Arrhythmia

AF progression reversed in almost 90% of patients by weight loss

Thursday, 28 Jun 2018


Progression of atrial fibrillation from paroxysmal to persistent was reversed in 88% of obese patients when they achieved weight loss of more than 10%, South Australian research has shown.

Atrial fibrillation is  usually a progressive disease but researchers from Centre for Rhythm Disorders (CHRD) at the SA Health and Medical Research Institute found  a dose-response relationship between weight loss and progression of AF in a trial of weight loss management.

In an earlier LEGACY (Long Term Effect of Goal-Directed Weight Management in an AF Cohort) study involving  1415 patients with AF they showed that intensive weight loss and risk factor management was associated with long term freedom from AF in obese people.

In a follow up analysis of 355 obese (BMI >27) patients who attended physician-supervised weight loss clinics they found that among the 116 who achieved little or no weight loss (less than 3%), 41% progressed from paroxysmal to persistent AF and 26% reversed from persistent to paroxysmal or no AF.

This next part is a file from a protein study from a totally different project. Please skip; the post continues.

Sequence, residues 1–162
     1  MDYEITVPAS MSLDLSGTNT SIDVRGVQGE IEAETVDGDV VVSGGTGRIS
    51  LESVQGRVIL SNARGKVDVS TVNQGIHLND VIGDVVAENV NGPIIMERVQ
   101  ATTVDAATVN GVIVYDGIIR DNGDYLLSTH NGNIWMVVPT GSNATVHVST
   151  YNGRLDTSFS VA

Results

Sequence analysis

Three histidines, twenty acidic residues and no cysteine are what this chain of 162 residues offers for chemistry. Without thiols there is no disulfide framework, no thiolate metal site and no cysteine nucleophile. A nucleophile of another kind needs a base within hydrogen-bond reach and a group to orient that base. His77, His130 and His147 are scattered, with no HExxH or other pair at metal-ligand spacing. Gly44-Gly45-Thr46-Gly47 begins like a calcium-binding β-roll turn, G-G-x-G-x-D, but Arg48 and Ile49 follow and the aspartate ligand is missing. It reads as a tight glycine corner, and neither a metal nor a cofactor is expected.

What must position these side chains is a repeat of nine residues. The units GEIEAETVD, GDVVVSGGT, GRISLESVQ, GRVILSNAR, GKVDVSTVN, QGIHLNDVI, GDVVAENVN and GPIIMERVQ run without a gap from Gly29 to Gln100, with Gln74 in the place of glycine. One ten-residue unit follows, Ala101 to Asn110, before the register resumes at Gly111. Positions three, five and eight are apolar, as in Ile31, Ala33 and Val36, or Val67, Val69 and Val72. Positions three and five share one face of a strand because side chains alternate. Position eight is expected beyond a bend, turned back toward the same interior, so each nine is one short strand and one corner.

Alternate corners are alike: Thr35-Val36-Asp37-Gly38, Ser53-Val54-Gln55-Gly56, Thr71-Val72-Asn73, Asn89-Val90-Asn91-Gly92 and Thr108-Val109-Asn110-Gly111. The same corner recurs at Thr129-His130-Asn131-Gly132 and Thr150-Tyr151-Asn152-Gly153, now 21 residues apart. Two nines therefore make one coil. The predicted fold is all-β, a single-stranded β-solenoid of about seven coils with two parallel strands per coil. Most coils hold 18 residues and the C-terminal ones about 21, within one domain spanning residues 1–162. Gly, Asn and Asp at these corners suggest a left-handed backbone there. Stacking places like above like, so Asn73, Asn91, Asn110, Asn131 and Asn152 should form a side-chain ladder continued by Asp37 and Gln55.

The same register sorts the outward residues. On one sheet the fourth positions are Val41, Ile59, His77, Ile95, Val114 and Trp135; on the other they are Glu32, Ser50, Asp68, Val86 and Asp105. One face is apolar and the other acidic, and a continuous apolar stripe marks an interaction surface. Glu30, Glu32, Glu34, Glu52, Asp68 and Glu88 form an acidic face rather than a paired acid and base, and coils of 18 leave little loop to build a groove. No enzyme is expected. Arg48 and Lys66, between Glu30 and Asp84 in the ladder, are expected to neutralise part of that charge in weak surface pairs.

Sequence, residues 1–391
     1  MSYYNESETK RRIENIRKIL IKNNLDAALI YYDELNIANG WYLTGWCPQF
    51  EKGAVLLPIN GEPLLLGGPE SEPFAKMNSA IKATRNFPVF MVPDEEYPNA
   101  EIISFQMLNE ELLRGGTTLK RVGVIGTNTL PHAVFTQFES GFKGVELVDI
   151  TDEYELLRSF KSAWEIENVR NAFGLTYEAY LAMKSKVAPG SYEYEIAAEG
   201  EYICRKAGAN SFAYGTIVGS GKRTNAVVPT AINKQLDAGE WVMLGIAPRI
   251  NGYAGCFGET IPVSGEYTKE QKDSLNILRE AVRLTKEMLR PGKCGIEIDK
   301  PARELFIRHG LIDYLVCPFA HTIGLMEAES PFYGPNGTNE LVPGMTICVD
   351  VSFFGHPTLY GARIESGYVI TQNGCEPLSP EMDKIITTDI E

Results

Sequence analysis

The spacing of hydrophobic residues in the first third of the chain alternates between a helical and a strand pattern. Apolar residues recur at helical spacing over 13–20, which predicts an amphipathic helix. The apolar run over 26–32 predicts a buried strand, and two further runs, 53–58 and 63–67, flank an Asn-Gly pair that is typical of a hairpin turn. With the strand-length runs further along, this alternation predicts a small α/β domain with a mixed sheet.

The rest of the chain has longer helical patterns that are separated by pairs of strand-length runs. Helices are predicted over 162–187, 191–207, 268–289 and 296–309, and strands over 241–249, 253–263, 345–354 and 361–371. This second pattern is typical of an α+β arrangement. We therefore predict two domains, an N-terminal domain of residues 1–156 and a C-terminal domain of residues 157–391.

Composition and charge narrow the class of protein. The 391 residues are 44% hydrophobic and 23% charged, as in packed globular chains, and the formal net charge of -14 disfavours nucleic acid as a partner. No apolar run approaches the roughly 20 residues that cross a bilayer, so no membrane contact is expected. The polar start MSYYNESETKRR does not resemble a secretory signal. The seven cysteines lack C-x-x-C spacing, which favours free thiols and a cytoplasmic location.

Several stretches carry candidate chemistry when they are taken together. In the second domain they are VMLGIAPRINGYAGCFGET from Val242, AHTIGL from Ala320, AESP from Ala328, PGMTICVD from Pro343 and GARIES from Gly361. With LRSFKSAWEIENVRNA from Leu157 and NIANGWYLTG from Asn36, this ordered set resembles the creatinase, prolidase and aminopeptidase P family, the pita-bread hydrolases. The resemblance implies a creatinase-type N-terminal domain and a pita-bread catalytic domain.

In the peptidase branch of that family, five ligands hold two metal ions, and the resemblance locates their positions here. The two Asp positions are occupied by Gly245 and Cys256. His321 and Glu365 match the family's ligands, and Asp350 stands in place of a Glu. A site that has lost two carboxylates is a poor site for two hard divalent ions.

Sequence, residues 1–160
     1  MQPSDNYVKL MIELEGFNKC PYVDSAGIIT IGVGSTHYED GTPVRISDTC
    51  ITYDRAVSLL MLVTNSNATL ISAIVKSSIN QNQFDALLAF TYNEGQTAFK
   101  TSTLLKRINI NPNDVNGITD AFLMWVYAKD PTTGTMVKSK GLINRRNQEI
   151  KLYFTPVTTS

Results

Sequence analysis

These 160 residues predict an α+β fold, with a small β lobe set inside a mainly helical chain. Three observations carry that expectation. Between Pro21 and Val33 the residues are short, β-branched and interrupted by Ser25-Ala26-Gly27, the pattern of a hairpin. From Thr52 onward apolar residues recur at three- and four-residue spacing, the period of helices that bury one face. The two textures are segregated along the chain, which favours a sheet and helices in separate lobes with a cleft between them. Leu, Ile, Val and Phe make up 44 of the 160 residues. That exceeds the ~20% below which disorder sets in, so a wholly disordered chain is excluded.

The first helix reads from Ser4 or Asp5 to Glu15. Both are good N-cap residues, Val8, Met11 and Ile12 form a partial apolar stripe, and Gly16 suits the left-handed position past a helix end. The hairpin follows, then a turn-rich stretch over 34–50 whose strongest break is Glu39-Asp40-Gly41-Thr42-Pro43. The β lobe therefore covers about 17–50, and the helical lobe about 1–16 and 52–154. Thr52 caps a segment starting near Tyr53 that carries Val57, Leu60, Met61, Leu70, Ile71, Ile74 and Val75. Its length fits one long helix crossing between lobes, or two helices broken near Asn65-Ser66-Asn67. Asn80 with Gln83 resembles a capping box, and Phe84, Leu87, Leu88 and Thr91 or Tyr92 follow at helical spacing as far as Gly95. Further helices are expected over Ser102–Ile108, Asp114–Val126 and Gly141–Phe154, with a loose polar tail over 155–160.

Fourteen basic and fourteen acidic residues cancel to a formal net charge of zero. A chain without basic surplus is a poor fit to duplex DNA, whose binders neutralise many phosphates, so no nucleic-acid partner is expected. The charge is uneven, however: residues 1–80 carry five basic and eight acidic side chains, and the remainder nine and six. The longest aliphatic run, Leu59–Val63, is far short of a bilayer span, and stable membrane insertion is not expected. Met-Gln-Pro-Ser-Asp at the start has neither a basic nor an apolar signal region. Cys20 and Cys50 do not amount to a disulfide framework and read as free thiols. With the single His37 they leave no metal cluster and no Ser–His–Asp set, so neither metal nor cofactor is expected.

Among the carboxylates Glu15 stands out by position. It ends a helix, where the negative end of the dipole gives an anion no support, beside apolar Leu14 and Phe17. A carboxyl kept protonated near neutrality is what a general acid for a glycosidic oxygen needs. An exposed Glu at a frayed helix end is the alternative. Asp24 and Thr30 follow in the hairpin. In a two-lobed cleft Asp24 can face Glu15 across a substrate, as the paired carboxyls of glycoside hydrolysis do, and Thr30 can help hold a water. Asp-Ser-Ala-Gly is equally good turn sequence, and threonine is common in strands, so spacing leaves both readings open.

In contrast, of the 135 patients who achieved a target weight loss of more than 10%, only 3% progressed to persistent AF while 88% reversed from persistent to paroxysmal or no AF.

Of the 104 AF patients in the intermediate group who achieved 3-9% weight loss, 32% showed AF progression and 49% reversed progression.

Increased weight loss was also associated with greater rates of AF freedom – 86% in those who achieved target weight loss, 67% among those who achieved intermediate weight loss and 39% in those with modest or no weight loss.

Publishing their findings in the Europace journal of the European Society of Cardiology, the researchers said they added to the growing body of evidence that risk factor management can halt the so-called “AF begets AF” vicious cycle of AF progression.

Progression of AF appeared to be promoted by an atrial substrate that is linked to cardiac risk factors such as obesity, they suggested.

“The recognition of AF as a progressive disease, determined by ongoing remodelling consequent to the various underlying risk factors, calls for early and aggressive weight and risk factor intervention,” they wrote.

“Given the rising epidemic of obesity and AF, primary and secondary prevention strategies need to be urgently implemented.”

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